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Some Byzantine supporters argue that “It [Byzantine Kr/family 35 Text-Form] is the most carefully controlled and textually unified group of Byzantine MSS that were produced.” Moises Rodrigues Coimbra, a Facebook New Testament Textual Studies group has said it this way, “it is very common to hear (at least for those who defend this MSS family) That the Byzantine Kr/family 35 text-form is the most precise and uniform grouping of New Testament manuscripts ever produced.” Astonishingly, that sounds quite impressive; when, in fact, really, it is not! You see, some have mistakenly taken these types of comments and the careful scribal work to produce a standard text of sorts from the Byzantine family of manuscripts to produce the Byzantine Kr/family 35 text-form with also being the most accurate text. The Byzantine Kr/family 35 Text-Form of the 13th-15th centuries is the Textus Receptus before there was the Textus Receptus. The Textus Receptus is a corrupt critical text by Desiderius Erasmus in the 16th-century made from about half a dozen 12th-century Byzantine manuscripts. It is a Majority Text before there was the Majority. The Majority Text was produced in the 20th-century by Zane C. Hodges and Arthur L. Farstad as well as Robinson & Pierpont. It is called the Majority Text because it is considered to be the Greek text established on the basis of the reading found in the vast majority of the Greek manuscripts (Byzantine Family). The Textus Receptus differs from the Majority Text in 1,838 Greek readings, of which 1,005 represent “translatable” differences.
Immediately below is an overview of the Byzantine Kr/family 35 Text-Form, which you should read through to better understand this article. But if you are already familiar with the Byzantine Kr/family 35 Text-Form and want to jump right to the debunking of the idea that this text-form is the most accurate, scroll to the heading Responding to the Byzantine Advocate.
Family Kr (also known as Family 35) is a large group of the New Testament manuscripts. It belongs to the Byzantine text-type as one of the textual families of this group. The group contains no uncial manuscripts but is represented by a substantial number of minuscules. The Byzantine Greek New Testament (BGNT), is a new scholarly edition of the Greek New Testament. The BGNT base text is compiled from a consensus of readings from the Byzantine Kr or family 35 text form.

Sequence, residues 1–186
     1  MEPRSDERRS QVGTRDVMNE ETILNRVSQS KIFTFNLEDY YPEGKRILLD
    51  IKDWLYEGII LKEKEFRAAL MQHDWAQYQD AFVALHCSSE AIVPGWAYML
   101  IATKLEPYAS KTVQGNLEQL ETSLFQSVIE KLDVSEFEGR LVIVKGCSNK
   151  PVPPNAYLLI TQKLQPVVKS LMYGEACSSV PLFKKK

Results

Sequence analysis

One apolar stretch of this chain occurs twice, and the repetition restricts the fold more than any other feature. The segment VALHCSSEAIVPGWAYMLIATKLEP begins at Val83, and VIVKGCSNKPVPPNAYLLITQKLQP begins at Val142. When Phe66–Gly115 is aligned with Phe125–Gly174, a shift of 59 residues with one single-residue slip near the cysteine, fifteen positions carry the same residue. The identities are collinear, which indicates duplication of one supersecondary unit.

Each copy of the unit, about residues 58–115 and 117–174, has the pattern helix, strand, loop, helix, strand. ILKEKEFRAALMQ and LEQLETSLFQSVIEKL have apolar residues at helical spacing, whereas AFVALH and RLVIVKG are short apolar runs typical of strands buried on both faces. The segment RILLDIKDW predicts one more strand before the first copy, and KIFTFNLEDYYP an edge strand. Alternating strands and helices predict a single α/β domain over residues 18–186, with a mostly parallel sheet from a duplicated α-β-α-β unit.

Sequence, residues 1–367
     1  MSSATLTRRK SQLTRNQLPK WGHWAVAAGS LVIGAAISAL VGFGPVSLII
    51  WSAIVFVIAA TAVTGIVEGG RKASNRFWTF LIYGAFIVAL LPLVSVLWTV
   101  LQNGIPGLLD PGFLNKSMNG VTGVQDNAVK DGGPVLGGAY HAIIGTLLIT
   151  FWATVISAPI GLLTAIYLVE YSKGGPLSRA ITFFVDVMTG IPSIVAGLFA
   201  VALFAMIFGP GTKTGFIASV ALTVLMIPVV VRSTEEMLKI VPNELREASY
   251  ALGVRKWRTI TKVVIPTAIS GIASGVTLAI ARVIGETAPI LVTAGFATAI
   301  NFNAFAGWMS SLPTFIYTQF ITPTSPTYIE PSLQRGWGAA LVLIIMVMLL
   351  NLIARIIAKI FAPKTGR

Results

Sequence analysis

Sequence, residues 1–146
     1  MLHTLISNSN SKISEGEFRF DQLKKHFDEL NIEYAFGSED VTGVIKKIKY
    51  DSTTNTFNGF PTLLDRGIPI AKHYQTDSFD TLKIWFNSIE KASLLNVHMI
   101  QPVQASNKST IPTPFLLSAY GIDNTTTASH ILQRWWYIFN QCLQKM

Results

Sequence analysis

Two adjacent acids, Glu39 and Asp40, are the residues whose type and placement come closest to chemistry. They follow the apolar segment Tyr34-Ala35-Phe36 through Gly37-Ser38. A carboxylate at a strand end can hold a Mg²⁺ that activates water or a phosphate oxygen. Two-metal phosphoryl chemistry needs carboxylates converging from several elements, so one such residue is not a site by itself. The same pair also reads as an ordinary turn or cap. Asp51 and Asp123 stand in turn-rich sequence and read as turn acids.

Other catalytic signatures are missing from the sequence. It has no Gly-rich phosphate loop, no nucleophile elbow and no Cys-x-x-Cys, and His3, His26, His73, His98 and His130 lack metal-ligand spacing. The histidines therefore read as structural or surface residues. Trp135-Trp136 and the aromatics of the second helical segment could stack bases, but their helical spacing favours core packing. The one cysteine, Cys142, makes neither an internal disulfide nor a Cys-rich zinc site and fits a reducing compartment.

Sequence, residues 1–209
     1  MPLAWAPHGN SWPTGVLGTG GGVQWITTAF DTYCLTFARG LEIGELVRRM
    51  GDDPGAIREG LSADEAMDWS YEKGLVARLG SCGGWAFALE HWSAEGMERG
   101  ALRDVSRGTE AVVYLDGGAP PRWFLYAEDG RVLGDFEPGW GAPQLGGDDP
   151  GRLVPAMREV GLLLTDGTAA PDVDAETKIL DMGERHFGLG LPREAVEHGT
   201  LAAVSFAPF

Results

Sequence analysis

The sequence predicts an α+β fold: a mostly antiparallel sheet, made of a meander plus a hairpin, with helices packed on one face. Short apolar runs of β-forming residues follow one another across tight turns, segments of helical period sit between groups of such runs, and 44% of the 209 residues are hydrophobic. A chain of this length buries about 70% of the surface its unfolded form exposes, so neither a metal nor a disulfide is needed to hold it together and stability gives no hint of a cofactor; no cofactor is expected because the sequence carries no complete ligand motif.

Description of Byzantine Kr/family 35 Text-Form
The group was discovered by Hermann von Soden in the late 19th century and designated by him with symbol Kr.
According to Soden, the group is the result of an early 12th-century attempt to create a unified New Testament text; the copying was controlled and the accuracy is unequaled in the history of the transmission of the New Testament text. Text Kr gained in popularity and became the most copied Greek text of the late Middle Ages. On the basis of the present location of most of the members of the group, it appears to have originated in the area of Constantinople or Mount Athos.
The majority of the manuscripts can be recognized by the distinctive marginal lectionary equipment which are different from the traditional Eusebian Canons. Von Soden used this marking to identify Kr members. The text of the group is also distinct and easy to identify.
One characteristic of these manuscripts is that the story of Jesus and the woman taken in adultery (John 7:53-8:11) is marked with obeli [a mark (– or ÷) used in ancient texts to mark a word or passage as spurious, corrupt, or doubtful]. Maurice Robinson argues that these marks do not represent a textual judgment, but are intended as a reminder that these verses are to be omitted when reading the Gospel for Pentecost (John 7:37-8:12).
David O. Voss confirmed the distinctiveness of the Kr group. He enumerated some readings typical for this group. Wilbur Pickering generated a new testament reading based on the F35 family of manuscripts.